I listened to the book Moonwalking with Einstein: The Art and Science of Remembering Everything by Joshua Foer last year as one of my audible.com books. Ever since I read that book, I was more acutely aware of how little we “remember” things in this modern-day and age. For example, I’ve been doing yoga on and off for 15 years, and I have heard the Sanskrit names for the common yoga poses countless times. But if you ask me to repeat one? No, sorry, can’t do.
One of the things that I wanted to do was to be able to memorize more things: Sanskrit names, song lyrics, famous poems, a few new languages, et cetera, et cetera.
Of course, I haven’t done anything in particular in the area of memorization yet, but I did find some solace in the saying “knowing the problem is half the solution”.
One finds motivation in all weird places. When I had my hair done yesterday, I told my stylist that audible.com was really good in marketing to me and that I had bought so many audio books that I didn’t have time to listen to them all. One other hair stylists overheard our conversation and said, “Yes, that’s because they are an Amazon company, and Amazon makes me buy 3 books a week with their deals.” I looked over and saw the book Moonwalking with Einstein on her workstation and took in the fact that books are universal gifts to humanity. She may not have gone to college, but she can be equally inspired by the thoughts and ideas in those books. Who knows? She might be a better implementor than I am, and might be able to recite the top 100 famous poems already for all I know.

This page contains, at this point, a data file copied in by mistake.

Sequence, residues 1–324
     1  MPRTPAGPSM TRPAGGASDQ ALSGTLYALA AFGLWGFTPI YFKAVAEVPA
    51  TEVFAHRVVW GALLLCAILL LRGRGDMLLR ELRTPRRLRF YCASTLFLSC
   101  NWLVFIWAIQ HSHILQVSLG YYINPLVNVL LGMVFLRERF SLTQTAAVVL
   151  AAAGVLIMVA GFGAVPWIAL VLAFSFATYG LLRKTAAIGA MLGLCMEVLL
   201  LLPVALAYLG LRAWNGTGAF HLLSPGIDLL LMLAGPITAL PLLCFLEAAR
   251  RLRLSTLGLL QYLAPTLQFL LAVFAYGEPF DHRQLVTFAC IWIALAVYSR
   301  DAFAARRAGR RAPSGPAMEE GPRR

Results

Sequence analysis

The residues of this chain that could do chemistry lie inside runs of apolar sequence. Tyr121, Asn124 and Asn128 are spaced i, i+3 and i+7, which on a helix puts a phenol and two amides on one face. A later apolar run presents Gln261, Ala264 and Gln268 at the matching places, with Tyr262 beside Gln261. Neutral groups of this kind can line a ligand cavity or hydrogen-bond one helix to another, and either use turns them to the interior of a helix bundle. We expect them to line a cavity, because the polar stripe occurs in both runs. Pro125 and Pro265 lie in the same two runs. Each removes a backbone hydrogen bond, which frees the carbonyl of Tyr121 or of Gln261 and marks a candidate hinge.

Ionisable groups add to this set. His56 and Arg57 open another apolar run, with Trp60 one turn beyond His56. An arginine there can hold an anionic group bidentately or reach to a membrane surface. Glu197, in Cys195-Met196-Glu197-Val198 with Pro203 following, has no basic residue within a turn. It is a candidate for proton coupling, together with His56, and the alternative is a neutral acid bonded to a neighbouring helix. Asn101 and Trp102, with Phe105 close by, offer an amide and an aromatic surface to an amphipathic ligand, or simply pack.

In the book The Element that inspired me to write this blog, it described a conversation between the author and his brother Ian.
I said that I’d love to be able to play keyboards that well.
“No, you wouldn’t,” he responded.
Taken aback, I insisted that I really would.
“No,” he said. “You mean you like the idea of playing keyboards. If you’d love to play them, you’d be doing it.”
Yes, I like the idea of being able to remember names and phrases, being able to recite poetries and speeches and being able to speak multiple languages a lot. But only the idea, for I have not put any efforts in making any of these things happen.
When you have an idea in your mind, it is just an idea. Next minute, you think of something else, that idea disappears like a puff of air. Say you want to paint the glass on the table in front of you. Before your first paint stroke, there is nothing but a blank canvas. It is the act of painting that transforms an idea to a reality that can be seen by the world, including yourself. As you yourself cannot foresee each brush stroke at the idea stage. In other words, intention is vague and somewhat useless. The creation process is all about DOING. I’m not in any way implying that we should separate the act of thinking and the act of doing, because that would be simply ludicrous. When we do, we also think. I’m just saying that thinking-while-doing is much better than thinking-alone.